It's not often I have needed to speed things up in my career. But what I discovered is that sure, it may be possible to find an algorithm that scales as n.log(n) instead of n squared or whatever, but often such algorithms are slower for small n. Well, if you are dealing with processing billions of small data sets the "slower" algorithm will be faster. The trick then is finding the point at which it is actually profitable to use the sophisticated algorithm over the naive algorithm.
It depends on the problem. If I speed up your program by a constant factor of 10, you'll probably be pretty happy. There was a recent thread which came down to making half as many syscalls  to double the speed of filesystem crawler, for example.
And yes, you want the more constrained big-O, generally speaking. But if you're comparing a linear algorithm to a O(n log log n) one, say, constant factors can easily dwarf the technically unbounded log log n factor.
I've also only mentioned performance here, but @H2CO3 made a larger point about
good design, maintainability, extensibility, security, robustness, performance, and scalability
Certainly recently I have been really wishing someone had traded some performance for maintainability and robustness at $JOB.
That's exactly why they are valuable. Saying “Rust is OCaml masquerading as C++” is only half-joke. Many of most loved properties of Rust are so nice to use precisely because they have solid foundation. And they require pretty conceptually simple things to implement these.
While LSP, the theoretical base which underpins OOP, not only arrived late (most popular style of OOP today has roots in Simular 67 while LSP which made it theoretically-sound arrived two decades later), but, more importantly, it's something that no modern compiler may automatically verify and which most programmers have trouble with, too.
Do they talk about the fact that OOP had no theoretical foundation for two decades, about how that crisis was resolved and why composition over Inheritance is today recommended even in OOP languages?
I'm genuinely curious, because when I was learning OOP most courses mentioned LSP in passing with minimum amount of fanfare and without even mentioning about critical role it plays in OOP and/or troubles one faces when s/he's trying to apply it in practice.
I'm pretty sure if deep implications were actually mentioned and it would have been shown and explained how hard is it to keep everything coherent in practice then most students would have rejected OOP themselves.
Because that obsession with TDD and unittests and mocks and many other things which are not really needed… they all come down to attempts to detect violations of LSP (which very often still fail, anyway).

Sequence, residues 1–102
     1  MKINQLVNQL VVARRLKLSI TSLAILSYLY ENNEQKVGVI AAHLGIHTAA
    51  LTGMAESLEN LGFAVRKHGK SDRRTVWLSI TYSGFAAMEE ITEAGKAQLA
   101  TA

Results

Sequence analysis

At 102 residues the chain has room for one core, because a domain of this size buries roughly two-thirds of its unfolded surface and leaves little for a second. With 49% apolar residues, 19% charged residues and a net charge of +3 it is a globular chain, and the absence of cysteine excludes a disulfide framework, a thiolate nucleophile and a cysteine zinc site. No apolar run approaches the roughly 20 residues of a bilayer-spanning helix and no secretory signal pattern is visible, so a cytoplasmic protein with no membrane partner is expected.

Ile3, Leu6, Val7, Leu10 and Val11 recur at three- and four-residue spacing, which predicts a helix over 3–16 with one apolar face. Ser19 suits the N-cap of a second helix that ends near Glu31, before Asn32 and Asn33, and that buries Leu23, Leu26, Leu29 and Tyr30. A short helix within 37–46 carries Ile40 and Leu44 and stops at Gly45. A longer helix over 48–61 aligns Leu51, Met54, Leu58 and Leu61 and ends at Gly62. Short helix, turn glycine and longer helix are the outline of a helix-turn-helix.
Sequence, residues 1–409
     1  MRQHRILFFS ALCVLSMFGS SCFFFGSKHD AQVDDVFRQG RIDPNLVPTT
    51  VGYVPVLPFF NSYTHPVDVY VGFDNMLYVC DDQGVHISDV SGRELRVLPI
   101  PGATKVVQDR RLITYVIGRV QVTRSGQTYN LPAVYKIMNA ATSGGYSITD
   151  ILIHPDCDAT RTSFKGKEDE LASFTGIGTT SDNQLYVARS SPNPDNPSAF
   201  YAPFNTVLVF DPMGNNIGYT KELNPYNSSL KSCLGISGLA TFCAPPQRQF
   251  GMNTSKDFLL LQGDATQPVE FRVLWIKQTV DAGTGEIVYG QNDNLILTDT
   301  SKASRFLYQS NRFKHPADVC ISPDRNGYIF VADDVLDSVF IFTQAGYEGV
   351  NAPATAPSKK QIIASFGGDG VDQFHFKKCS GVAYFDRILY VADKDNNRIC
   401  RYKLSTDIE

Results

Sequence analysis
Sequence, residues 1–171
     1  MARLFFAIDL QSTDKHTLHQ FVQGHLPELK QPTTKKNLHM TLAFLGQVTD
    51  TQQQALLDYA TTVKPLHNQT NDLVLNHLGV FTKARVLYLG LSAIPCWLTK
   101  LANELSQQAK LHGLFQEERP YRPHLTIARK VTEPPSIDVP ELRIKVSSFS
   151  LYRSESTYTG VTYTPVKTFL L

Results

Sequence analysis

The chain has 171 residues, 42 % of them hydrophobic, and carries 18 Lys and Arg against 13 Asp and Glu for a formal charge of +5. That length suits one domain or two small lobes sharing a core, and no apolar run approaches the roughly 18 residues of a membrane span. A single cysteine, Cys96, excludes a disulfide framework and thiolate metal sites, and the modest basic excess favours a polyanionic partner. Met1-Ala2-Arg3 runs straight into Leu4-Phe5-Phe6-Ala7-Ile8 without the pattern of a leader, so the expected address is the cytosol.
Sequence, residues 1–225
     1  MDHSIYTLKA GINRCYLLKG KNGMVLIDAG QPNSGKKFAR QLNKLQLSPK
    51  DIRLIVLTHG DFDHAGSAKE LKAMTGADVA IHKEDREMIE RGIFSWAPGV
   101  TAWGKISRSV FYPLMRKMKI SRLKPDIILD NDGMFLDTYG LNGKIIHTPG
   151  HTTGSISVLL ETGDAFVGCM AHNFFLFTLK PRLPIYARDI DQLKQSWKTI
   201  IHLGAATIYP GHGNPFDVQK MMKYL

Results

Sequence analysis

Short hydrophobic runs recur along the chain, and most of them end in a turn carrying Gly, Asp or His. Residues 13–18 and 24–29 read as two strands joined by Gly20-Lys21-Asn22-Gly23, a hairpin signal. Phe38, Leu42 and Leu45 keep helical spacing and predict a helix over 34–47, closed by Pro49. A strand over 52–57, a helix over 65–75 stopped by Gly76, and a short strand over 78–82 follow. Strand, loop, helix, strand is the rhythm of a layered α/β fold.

What would you suggest then? Look at this thread. Only a single person actually tried to answer the main question. Everything else is "but you're wrong". Regardless of what they think and who's wrong or right, the question still stands and it looks like the answer is "no". How did context help?
Well, I guess that happens when you make somewhat accusatory comments about the language not being real/serious enough because it's busy solving practical problems instead of trying to sell itself as a theoretically supreme creation to academics. It is indeed probably best to not include this kind of commentary if all you are trying to ask is "send me links to Rust courses".
You chose to interpret it as accusatory. The response could've been "I don't know of an academic course, but X made a multi-video series on the theory behind Y with examples and a guide on how to solve similar problems with rust. Check it out"
Or "I'm not sure I agree with your view, but I found this to be very insightful".
The “main question,” as you put it, is somewhat unclear in your original post. You ask a series of 3 related questions in the middle paragraph of three, the weakest position in an argument. Those are surrounded by praise for the academic basis of object-oriented programming above and preemptive complaints about the sort of answers you expect below.
Overall, it gives the impression that the questions are simply rhetorical and that your real aim is to express frustration with your Rust experiences to date. Most of the replies you got responded to this (perhaps unintentional) subtext in your original post.
Composition over inheritance I think it is a quite old topic, more than twenty years old, but I remember I started taking care after watching several times the Sean Parent's C++ talk "Inheritance is the base class of evil" around ten years ago, what I loved.